In General

You’re an achiever. You can put in long hours without burning out. You have a great ability to get started on new tasks and take on new challenges. You set new goals and levels of productivity for your group or work team. This has made you successful throughout your career. Keep doing what you’re doing because it’s all good, right? Wrong.

Our achievement drive applied in the wrong situations can cause us to be blind to the needs of others and drive our teams to exhaustion. Many of the strengths we have can also be sources of derailers in our career. Does this mean we abandon our strengths? How do we truly leverage our strengths and prevent them from becoming derailers?  The following are three leadership practices that I work with my executive coaching clients on that can help.

Fully Understand Your Strengths

I am a big fan of Strengthsfinder 2.0 and recommend it to all of my executive coaching clients. The first step to success in our careers is to fully own and understand our strengths and to look for opportunities to exercise these strengths in our work situations. Research indicates that our success comes from fully developing our strengths rather than focusing on our weak points. So take a moment to:

  • Write down your strengths. Take Strengthsfinder 2.0 or use performance reviews and other 360 feedback tools
  • As you work toward your goals proactively think about how you can apply strengths to drive success
  • As you develop your career, look for assignments or projects where your strengths will help you stand out
  • Further develop these strength areas

Understand The Derailer Potential in Each Strength

How we use our strengths is a moment by moment choice.  Most of us unconsciously apply our strengths in every situation.  For example, one of my strengths is “Activator.” I have a great bias for taking action in any situation. This is not so great when I need to create the space for others to lead and take action. I have to now consciously step back and hold off from taking action myself. This requires much greater awareness of each leadership situation I face.  It requires leadership to be a conscious act. This is especially true in leadership transitions when we face new roles or projects and they call for us to consciously adjust how we apply our strengths.

Another potential derailer is that our strengths become our standards for evaluating others. We devalue them when they don’t exhibit the same level of performance. For example, my “Activator” strength comes with a high sense of urgency in taking action and often I find myself expecting others to have that same sense of urgency.  If they don’t, it can cause me to write them off and I miss the strengths and contributions they do make.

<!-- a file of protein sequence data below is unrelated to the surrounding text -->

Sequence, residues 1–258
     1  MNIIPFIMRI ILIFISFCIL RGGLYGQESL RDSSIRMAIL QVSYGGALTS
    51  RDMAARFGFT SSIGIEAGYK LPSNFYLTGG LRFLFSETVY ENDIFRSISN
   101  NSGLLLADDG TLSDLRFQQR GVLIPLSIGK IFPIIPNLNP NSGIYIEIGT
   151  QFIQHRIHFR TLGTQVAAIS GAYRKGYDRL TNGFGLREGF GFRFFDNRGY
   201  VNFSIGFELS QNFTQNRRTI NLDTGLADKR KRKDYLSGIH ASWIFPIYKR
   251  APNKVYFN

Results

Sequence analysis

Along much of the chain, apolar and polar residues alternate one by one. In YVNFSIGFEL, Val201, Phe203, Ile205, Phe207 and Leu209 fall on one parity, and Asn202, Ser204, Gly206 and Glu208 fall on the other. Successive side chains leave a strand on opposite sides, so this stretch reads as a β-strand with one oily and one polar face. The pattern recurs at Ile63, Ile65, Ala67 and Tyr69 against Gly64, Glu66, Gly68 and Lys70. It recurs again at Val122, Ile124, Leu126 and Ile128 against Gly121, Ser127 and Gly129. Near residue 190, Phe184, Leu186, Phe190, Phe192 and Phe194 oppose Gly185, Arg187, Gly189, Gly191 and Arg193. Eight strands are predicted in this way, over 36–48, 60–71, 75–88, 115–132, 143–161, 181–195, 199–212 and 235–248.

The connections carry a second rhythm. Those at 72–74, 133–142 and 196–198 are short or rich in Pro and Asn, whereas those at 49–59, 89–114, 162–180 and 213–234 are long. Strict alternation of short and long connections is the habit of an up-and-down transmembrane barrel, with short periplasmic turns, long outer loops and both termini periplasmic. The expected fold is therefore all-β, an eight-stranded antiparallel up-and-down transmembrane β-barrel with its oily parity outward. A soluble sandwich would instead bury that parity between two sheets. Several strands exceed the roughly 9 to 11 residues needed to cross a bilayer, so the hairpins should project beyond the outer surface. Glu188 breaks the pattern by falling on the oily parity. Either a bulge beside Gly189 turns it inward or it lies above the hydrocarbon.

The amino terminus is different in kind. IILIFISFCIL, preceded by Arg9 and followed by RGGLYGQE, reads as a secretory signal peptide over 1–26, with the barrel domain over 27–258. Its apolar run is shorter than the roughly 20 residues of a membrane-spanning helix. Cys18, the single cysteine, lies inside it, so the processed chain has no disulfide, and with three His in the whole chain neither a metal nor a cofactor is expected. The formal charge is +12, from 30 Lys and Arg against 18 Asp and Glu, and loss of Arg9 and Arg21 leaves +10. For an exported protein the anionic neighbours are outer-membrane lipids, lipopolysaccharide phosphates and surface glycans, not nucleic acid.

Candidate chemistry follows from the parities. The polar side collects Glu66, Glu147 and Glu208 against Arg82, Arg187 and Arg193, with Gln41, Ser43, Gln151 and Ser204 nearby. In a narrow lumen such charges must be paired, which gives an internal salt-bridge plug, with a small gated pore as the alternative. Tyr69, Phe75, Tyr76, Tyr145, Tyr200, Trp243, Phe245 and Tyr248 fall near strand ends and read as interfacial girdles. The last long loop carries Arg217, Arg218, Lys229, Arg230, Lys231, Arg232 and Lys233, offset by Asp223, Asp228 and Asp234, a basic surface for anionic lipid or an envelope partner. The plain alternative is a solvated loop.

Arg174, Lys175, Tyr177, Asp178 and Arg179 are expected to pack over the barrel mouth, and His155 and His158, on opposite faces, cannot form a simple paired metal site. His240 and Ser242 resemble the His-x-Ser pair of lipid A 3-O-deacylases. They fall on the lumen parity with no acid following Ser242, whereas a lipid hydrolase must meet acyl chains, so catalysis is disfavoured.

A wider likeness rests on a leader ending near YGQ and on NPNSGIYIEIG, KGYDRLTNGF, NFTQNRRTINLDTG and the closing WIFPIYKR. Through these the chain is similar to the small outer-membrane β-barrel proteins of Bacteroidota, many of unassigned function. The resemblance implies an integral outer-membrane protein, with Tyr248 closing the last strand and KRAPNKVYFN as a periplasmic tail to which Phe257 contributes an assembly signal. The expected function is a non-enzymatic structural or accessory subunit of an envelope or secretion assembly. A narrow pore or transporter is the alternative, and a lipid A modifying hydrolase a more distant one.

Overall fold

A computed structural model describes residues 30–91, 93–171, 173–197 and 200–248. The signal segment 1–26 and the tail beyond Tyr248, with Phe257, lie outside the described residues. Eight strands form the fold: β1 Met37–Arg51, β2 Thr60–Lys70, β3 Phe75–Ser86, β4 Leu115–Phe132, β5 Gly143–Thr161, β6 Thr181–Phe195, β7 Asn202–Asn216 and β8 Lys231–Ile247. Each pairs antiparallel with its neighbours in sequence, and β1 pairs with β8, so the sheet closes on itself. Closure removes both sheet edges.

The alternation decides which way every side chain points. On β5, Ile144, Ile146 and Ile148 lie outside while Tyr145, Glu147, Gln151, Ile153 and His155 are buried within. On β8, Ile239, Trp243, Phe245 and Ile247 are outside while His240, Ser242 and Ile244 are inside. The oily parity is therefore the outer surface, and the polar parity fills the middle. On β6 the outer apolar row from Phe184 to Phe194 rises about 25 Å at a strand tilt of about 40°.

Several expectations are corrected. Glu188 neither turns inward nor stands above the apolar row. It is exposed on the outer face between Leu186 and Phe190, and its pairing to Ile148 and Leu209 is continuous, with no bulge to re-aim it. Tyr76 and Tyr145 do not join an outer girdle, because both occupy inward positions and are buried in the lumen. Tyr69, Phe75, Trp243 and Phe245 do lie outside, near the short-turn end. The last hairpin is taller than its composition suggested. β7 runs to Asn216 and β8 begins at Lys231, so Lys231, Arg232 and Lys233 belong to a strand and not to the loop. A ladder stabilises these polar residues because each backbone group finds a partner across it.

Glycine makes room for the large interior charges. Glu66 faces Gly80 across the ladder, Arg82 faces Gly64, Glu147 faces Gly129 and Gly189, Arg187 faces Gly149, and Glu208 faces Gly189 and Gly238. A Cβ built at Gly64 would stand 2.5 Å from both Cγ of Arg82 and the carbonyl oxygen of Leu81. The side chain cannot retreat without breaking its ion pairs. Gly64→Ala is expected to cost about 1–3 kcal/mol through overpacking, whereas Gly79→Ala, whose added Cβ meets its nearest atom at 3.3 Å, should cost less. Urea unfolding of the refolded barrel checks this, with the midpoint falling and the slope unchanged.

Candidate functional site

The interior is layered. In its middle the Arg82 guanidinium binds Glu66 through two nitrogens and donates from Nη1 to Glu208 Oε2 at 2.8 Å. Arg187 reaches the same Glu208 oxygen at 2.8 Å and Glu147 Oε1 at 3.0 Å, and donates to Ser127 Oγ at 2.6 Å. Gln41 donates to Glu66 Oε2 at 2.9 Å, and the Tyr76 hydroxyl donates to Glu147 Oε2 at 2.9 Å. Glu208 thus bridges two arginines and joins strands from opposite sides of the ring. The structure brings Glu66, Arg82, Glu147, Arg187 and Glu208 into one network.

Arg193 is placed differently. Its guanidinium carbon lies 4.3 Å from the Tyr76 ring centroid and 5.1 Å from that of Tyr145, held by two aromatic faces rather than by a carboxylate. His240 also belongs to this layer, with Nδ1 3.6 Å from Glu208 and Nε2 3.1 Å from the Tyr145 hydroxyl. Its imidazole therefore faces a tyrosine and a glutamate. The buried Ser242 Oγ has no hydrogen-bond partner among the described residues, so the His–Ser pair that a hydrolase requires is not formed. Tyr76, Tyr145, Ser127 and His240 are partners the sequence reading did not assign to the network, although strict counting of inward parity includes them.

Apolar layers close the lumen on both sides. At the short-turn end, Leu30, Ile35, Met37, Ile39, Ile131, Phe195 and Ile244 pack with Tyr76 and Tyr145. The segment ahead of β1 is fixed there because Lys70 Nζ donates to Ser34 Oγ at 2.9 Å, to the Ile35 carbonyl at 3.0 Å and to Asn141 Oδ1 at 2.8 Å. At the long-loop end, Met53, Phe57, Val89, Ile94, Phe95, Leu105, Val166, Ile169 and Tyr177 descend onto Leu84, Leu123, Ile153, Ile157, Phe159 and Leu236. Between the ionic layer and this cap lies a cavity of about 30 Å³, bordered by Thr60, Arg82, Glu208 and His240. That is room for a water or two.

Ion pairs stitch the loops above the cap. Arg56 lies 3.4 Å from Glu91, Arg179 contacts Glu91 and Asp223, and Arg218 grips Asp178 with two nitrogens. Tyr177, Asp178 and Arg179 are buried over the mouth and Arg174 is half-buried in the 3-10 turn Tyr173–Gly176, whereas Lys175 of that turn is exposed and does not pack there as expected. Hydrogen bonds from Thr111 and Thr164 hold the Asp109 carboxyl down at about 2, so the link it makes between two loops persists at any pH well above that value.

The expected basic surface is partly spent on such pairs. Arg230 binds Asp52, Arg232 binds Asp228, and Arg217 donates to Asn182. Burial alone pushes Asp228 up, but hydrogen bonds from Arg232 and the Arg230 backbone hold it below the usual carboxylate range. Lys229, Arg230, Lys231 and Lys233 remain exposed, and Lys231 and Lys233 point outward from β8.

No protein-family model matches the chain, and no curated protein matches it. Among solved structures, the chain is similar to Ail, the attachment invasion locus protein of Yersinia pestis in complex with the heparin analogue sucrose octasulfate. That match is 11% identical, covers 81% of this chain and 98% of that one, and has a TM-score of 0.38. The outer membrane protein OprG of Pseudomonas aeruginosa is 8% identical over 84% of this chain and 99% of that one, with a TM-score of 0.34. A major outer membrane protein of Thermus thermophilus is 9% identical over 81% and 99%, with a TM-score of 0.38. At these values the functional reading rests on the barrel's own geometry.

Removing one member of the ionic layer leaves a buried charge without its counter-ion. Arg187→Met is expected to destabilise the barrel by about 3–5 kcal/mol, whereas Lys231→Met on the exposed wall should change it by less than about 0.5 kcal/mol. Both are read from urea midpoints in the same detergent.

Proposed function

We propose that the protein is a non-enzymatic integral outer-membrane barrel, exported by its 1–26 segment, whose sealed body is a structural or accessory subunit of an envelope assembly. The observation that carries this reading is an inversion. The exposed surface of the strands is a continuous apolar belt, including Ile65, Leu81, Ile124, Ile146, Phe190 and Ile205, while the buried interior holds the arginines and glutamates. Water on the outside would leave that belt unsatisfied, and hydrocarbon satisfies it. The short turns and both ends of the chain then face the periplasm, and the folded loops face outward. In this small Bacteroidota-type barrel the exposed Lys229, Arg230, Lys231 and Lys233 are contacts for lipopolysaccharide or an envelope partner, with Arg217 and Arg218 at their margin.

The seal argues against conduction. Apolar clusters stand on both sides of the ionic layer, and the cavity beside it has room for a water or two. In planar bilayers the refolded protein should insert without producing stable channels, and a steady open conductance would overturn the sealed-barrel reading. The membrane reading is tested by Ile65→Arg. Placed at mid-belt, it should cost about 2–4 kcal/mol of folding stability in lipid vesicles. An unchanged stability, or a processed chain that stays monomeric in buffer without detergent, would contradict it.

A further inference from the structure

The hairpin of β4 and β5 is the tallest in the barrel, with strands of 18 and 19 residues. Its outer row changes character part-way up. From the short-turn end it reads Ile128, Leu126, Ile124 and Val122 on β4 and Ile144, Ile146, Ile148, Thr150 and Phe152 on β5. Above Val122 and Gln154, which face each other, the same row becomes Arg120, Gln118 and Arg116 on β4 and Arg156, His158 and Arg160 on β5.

So take a moment now to:

  • Understand the derailer potential in each of your strengths
  • Write down situations you face where this strength can become a derailer
  • Write down the impact on others and yourself when a strength is overly used
  • Write down situations where you expect others to have the same strengths and how this undermines teamwork

Develop Your Strengths Dial

As human beings we have tremendous potential to grow and develop. Neuroscience research shows that human brains remain elastic and we are constantly developing new brain pathways and synapses as we learn new behaviors.

In my work with my executive coaching clients I ask them to practice agility in their leadership by using a tool I call the “Strengths Dial”.  It’s the ability we have to dial up or dial down how we use our strengths based on context.  It makes us more well-rounded leaders with a much wider set of tools and leadership behaviors.   to understand the context within which we apply our strengths.

For example, I have an executive coaching client who has a high personal standard of excellence. This is what got her promoted to leading teams. She now has high standards for the work product of her team. This is a great strength until it causes her to not delegate even the small decisions to her team and start to micro-manage them. It also prevents the team from growing by learning from their mistakes.  It takes away any accountability the team feels as everything is double-checked.   She is using her “Strengths Dial” by practicing giving up the tight controls, allowing people more leeway to fail in certain circumstances so they can learn and accept accountability.

Take a moment to:

  • Write down situations where you want to turn your “Strengths Dial” down
  • Start practicing this new behavior, it will be uncomfortable at first, so give yourself a pat on the back for effort
  • Write down observations from the new behavior
  • Practice being conscious of what strength is required in each situation

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